Attorneys and the judge in the trial of former Brooklyn Center police officer Kimberly Potter met in-chambers Monday and discussed proposed jury instructions before they gathered again in court later in the morning to take them up again on the record.
Hennepin Court District Judge Regina Chu, prosecutor Matthew Frank and defense attorney Paul Engh reviewed the instructions in open court, but without the jurors present, which is the common process for finalizing jury instructions. Potter was not in the courtroom for this step in her trial.
As the brief session was about to wrap up, Chu said that photos from Wright's autopsy will not be shown over the telecast livestream, citing the wishes of the family.
At the same time, Chu said, the photos will be visibile to the news media in the courtroom and in an overflow room.
The judge explained that her decision "strikes a fair balance" between the public's access to the trial while "maintaining the dignity of the decesased."
The trial resumes Wednesday at 9 a.m., with opening statements.
Chu said she has approved most but not all of the instructions, leaving some to be ruled upon during the course of the trial.
The instructions guide jurors about what to consider in determining whether a defendant is guilty of the charges filed against them and covers broad facets of the jury process.
Attorneys not involved in the case said jury instructions are particularly important in Potter's case because the nature of the charges she faces. Potter, 49, is on trial in Hennepin County District Court on one count each of first- and second-degree manslaughter for fatally shooting Daunte Wright during an April 11 traffic stop.
"The law is muddy in some of the particulars and a lot will depend on the specific jury instructions that the judge gives on both charges," said Mitchell Hamline School of law professor Ted Sampsell-Jones.
Potter's defense has argued that she made a mistake and meant to deploy her Taser when she instead fired a single shot at Wright, 20, with her handgun. Prosecutors have argued that Potter acted recklessly and negligently, and should have known better because she was a 26-year departmentveteran with Taser training.
Police body camera video captured Potter shooting Wright while yelling, "Taser! Taser! Taser!"
"The facts are caught on video. Even if you accept whole hog what the defense might argue that is this was mistake... the question is is there a legal consequence?" said defense attorney A.L. Brown, adding that jury instructions will be "incredibly important."
In criminal trials the prosecution and defense file separate proposed jury instructions and hash them out with a judge before they are formally approved.
Key issues in the discussion for Potter's case are how to instruct jurors on the meaning of "culpable negligence" and under what circumstances police can use deadly force, among other issues.
One potential sticking point is the defense's proposal that Hennepin County District Judge Regina Chu tell jurors, "The fact that an accident has happened does not by itself mean that the defendant was at fault."
For second-degree manslaughter, the prosecution proposed that the judge instruct jurors, "Contributory negligence of Mr. Wright, if any, is not a defense to a criminal charge."
The prosecution also proposed that jurors are told, "You may also consider the Defendant's prior knowledge, experience & history," in determining whether her use of force was lawful. Prosecutors noted in the criminal complaint filed against Potter that she received Taser training twice in the six months leading up to the shooting, and was warned to learn how to differentiate between her handgun and Taser.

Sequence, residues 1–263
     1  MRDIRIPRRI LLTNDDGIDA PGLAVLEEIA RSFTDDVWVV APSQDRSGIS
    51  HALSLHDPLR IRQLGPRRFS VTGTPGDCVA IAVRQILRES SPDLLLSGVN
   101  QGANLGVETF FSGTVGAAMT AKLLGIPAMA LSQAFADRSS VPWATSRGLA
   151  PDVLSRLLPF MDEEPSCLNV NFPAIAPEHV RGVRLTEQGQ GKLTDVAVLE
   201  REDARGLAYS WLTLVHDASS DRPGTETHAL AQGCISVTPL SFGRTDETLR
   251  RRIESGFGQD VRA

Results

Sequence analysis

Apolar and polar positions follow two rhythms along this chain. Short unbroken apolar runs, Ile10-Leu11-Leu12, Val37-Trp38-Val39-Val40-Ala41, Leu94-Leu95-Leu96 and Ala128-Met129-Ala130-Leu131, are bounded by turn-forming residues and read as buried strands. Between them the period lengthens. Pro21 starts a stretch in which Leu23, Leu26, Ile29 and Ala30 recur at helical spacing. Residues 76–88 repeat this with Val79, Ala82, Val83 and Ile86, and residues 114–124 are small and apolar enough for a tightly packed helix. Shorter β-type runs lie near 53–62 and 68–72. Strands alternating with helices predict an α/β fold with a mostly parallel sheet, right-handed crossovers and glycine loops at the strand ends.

Attorneys not involved in the case say defining "culpable negligence," an element of second-degree manslaughter, will be hard for both sides.
Prosecutors proposed, "Culpable negligence' is intentional conduct that the Defendant may not have intended to be harmful but that an ordinary and reasonably prudent person would recognize as involving a strong probability of injury to others," which is boilerplate.
The defense proposed the same with the addition of, "Culpable negligence is more than ordinary negligence... It is a conscious disregard of a substantial and unjustifiable risk of which one actually is aware & not a disregarding of a risk of which one should be aware."
The defense also proposed that the judge should tell jurors a conscious risk "means the defendant was actually ware of the risk that she, by believing she was using a TASER, would be causing death or great bodily harm, and aware of the risk at that precise moment, disregarded it."
Defense attorneys unveiled some of their strategy through their proposed instructions. They want jurors to be informed that Wright's "negligence" could include interfering with police duties, "disorderly conduct," driving under the influence of marijuana and having marijuana in a car.
Wright was stopped for expired tabs, and police discovered that he had a warrant out for his arrest for a gross misdemeanor weapons charge. Body camera video showed him pulling away from an officer trying to handcuff him and jump into his car. Potter's defense has argued that one of Potter's colleagues could have been dragged by Wright's car as he attempted to flee.
"Mr. Wright's negligence is not a defense in a criminal case," proposed Potter's defense. "However, in considering whether or not Officer Potter exercised the care of a reasonably prudent peace officer... the jury may take into consideration the conduct/Mr. Wright..."
The defense's proposed instructions include: "Fleeing a police officer is a crime of violence, which by definition involves 'the use or threatened use of deadly force.' "
Potter's trial began last Tuesday with jury selection. Opening statements are scheduled to begin Wednesday, and the trial is expected to wrap up the last week of December.